Gillian Outerbridge 2013-04-16 03:26:28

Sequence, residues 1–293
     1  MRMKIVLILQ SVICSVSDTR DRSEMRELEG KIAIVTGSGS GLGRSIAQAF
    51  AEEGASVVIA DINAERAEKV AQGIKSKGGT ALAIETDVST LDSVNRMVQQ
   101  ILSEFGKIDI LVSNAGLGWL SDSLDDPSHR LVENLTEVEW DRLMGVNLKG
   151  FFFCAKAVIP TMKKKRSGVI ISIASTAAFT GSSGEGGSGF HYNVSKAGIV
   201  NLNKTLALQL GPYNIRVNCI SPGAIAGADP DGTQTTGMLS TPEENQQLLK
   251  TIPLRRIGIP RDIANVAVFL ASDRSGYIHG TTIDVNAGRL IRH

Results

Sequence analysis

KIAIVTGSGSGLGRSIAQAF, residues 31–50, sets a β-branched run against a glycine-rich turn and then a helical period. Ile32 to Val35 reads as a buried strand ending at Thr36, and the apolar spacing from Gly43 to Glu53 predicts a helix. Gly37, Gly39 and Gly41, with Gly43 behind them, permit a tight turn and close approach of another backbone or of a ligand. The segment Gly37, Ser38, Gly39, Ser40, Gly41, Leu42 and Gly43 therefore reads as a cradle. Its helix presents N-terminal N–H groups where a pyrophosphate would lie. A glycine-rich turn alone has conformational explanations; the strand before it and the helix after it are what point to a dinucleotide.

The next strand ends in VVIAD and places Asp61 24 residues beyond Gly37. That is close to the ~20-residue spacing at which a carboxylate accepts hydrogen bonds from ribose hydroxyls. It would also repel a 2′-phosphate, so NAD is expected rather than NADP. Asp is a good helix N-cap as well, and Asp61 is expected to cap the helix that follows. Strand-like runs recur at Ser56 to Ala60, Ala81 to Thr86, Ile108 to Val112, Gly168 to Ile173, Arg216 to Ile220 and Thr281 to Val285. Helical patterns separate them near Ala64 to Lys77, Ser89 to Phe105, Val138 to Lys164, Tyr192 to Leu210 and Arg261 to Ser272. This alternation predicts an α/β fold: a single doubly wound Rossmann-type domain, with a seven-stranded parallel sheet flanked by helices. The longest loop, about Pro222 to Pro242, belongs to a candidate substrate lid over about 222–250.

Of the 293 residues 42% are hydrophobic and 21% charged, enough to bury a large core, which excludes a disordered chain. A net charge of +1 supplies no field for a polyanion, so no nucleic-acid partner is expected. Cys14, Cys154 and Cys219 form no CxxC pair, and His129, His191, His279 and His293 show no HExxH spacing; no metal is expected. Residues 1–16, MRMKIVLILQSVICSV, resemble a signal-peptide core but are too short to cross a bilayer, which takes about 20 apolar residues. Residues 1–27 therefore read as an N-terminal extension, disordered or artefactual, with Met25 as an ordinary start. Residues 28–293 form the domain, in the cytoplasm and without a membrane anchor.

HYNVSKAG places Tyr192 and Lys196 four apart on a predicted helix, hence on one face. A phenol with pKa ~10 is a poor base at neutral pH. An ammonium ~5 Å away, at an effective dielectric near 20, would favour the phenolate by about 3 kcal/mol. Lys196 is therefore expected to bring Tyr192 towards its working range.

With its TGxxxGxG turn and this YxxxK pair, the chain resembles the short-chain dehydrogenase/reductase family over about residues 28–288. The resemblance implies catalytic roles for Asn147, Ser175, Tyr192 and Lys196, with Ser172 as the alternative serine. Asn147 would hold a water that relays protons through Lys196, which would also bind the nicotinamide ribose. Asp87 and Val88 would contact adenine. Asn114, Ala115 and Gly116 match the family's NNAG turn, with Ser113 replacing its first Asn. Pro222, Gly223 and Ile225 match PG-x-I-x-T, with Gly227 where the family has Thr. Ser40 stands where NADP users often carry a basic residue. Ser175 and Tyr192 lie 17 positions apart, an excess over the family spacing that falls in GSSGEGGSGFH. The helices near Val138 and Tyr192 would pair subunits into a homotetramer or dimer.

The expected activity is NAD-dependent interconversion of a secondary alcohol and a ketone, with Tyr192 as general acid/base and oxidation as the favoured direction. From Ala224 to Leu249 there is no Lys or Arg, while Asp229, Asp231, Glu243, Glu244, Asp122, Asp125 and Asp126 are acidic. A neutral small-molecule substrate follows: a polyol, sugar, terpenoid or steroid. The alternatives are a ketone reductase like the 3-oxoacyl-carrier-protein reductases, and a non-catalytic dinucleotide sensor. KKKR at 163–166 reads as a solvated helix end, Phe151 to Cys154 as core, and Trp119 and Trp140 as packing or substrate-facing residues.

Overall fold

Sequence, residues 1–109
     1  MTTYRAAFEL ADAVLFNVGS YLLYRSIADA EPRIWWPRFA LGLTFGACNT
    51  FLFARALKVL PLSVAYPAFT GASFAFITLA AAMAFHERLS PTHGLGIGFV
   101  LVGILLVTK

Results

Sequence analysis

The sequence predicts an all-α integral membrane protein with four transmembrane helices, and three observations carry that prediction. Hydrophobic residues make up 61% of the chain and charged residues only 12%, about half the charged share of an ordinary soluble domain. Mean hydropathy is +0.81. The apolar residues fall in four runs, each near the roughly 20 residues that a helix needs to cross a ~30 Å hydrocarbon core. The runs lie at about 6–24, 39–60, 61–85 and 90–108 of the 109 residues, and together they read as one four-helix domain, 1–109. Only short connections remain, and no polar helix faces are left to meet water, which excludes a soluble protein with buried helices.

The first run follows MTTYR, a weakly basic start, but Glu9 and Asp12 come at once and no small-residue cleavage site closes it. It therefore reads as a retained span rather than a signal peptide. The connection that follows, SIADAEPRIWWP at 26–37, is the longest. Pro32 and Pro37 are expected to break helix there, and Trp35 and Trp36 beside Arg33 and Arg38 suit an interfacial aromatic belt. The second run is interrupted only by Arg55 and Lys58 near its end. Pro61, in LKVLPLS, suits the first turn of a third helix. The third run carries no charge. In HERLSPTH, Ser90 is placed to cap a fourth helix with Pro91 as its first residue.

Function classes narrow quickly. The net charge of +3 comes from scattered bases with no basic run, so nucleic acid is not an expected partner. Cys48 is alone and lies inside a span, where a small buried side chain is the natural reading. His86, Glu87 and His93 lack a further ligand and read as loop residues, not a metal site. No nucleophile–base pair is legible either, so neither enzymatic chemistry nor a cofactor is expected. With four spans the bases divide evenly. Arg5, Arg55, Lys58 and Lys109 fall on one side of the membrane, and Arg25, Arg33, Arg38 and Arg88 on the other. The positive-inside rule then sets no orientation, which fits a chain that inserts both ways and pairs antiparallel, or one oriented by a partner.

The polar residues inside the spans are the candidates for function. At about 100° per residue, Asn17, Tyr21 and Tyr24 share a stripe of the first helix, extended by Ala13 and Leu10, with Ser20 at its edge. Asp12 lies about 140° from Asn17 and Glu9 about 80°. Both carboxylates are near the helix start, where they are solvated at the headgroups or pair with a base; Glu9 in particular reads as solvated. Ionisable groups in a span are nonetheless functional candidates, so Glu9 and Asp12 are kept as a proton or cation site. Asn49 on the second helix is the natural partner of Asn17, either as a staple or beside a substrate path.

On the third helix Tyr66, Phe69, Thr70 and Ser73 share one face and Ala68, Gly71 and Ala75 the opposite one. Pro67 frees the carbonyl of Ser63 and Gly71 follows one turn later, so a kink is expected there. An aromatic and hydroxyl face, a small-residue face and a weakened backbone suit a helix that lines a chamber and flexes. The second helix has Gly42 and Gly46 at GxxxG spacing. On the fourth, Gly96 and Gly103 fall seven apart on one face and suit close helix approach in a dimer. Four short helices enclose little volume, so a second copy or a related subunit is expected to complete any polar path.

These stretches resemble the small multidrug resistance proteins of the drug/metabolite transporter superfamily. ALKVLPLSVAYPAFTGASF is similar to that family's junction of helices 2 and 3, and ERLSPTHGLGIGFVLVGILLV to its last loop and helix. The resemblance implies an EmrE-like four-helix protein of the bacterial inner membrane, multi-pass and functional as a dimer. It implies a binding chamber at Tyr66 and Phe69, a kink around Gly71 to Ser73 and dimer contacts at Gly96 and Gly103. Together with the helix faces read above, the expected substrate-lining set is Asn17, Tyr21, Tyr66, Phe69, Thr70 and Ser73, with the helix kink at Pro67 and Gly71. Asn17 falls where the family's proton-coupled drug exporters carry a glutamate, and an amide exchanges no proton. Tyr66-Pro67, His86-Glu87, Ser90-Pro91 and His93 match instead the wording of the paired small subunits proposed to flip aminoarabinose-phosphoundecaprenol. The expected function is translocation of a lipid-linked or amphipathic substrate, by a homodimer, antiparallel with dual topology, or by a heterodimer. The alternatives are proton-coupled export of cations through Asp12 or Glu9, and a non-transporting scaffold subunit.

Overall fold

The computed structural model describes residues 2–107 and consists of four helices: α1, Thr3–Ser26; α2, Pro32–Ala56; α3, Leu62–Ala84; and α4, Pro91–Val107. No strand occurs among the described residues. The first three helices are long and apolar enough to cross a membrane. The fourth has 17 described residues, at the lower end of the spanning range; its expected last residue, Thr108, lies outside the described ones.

Whether you arrive in St. George’s by bus, taxi, ferry or on a rented moped, ditch the transportation and head off on foot. It’s the best way to see this quaint, historic town that incorporates not only its own history but also the history of Bermuda. Here, you will follow the footprints of the first shipwrecked settlers, en route to Virginia in 1609 when a hurricane drove them ashore near what would become St. George’s. As you stroll the narrow winding lanes and streets, it’s easy to visualise the early years when the town was established as the capital of the island, already named Bermuda. The Square is the hub of the town, known variously as Town Square, Market Square and King’s Square. This is where historical re-enactments take place. The Town Hall, a gracious edifice bearing the official Coat of Arms, contains portraits of early mayors who, in their wisdom, maintained and enhanced the small settlement. When the seat of government relocated to Hamilton in 1815, the town was preserved as a living museum. With your walking tour map in hand, set off up the small hill to the State House, believed to be the oldest stone building not only in Bermuda but also the New World. The view from the State House sweeps your vision across four centuries of Bermudian architecture. From there, behind you is the 17th-century civic building, on your right are examples of very early residences, down on the Square are the handsome 19th-century municipal buildings, all of them linked by their most distinguishable feature: the ubiquitous white Bermudian Roof. Walk across Somers’ Garden park, once a marsh, and lose yourself in the maze of enchanting narrow alleys with intriguing names, like Featherbed Alley, Old Maid’s Lane, Needle and Thread Alley. With camera and map in hand, a stroll through St. George’s is a memorable adventure.
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